Baylor College of Medicine

Image courtesy the National Institutes of Health.

Cancer immunotherapy clinical study approved for phase 1

Dana Benson


Houston, TX -

A cancer immunotherapy research group at Baylor College of Medicine has secured Investigational New Drug regulatory clearance through the FDA to perform phase I clinical studies in newly-diagnosed adult patients with glioblastoma (GBM), a highly lethal form of brain cancer with a five-year survival rate of less than 10 percent in most age groups.

The regulatory milestone is the second for Dr. William Decker’s academic cancer immunotherapy group at Baylor, which also received FDA regulatory clearance to conduct vaccine immunotherapy studies for resectable pancreatic cancer in July 2018.

Pending institutional approval, the glioblastoma study will be conducted at MD Anderson Cancer Center at Cooper in Camden, N.J., and overseen by Dr. Joseph Georges, a neurosurgery resident at Cooper University Health Care and the Philadelphia College of Osteopathic Medicine. “I saw the power of this vaccine approach in the laboratory when conducting my Ph.D. studies, and I believe it has the potential to help our patients with glioblastoma,” Georges said.

The vaccine technology developed by Decker‘s laboratory works by “tricking” the immune system into treating cancer as it would a viral infection through the reprogramming of powerful immune cells known as dendritic cells.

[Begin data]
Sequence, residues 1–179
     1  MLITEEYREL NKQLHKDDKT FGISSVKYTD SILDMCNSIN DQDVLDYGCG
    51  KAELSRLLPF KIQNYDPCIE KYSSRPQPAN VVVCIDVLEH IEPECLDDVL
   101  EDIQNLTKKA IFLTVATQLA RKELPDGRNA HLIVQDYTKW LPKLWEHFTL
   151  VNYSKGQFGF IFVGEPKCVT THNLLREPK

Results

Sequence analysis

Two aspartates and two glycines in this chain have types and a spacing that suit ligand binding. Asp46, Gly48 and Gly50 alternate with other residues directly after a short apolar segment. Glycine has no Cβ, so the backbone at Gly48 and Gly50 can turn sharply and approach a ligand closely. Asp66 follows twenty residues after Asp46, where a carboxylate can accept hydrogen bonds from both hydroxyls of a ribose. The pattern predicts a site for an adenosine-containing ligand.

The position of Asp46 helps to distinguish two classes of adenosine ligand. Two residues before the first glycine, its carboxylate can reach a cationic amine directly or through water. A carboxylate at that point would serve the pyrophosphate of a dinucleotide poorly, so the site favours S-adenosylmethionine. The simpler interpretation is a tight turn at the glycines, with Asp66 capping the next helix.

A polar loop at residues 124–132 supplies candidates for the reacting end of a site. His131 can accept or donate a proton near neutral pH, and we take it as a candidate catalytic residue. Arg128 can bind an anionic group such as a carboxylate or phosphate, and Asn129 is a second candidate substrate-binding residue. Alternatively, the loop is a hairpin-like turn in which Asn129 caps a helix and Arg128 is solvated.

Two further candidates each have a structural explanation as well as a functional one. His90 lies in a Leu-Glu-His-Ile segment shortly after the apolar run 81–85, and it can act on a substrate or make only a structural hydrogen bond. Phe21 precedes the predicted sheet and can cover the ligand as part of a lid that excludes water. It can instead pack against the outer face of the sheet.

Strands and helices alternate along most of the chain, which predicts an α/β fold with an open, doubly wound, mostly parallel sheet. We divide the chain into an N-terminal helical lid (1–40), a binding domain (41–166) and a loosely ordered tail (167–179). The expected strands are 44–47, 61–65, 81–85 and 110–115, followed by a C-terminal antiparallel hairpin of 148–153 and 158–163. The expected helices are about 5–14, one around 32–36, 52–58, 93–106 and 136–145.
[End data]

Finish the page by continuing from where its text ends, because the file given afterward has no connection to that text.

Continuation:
“If you can convince the immune system that the cancer is a viral infection,” said Decker, associate professor of pathology and immunology at Baylor, “you can generate a more powerful anti-cancer immune response than ordinarily possible through regular vaccination techniques.” Decker also is a member of the Dan L Duncan Comprehensive Cancer Center at Baylor.

"We are very excited to take part in this initiative. New and innovative treatments such as this are desperately needed to improve the poor outcomes of this devastating disease,” said Dr. Nati Lerman, a medical oncologist at MD Anderson at Cooper and collaborator on the vaccine trial.

Commercialization rights to the Baylor-developed enabling technologies have been granted by the Baylor Licensing Group to Diakonos Research, Ltd.

“We are tremendously proud of the incredible work being done by our scientific and clinical partners at Baylor College of Medicine as well as at MD Anderson at Cooper in New Jersey,” said Dan Faust, CEO of Diakonos Research. “When Dr. Decker and his team demonstrate the same favorable safety profile in human studies that has already been shown in mice and dogs, Diakonos is ready to provide major resources for randomized, double-blind placebo-controlled trials that will bring this technology to the marketplace. For us, it’s about the patients. We want to save as many lives as we possibly can.”

Diakonos Research, a limited liability partnership headquartered in Houston, was founded in 2015 with the mission of commercializing life-saving technologies being developed by researchers in the Texas Medical Center.

Financial support for the clinical study is being provided by a charitable cancer foundation.

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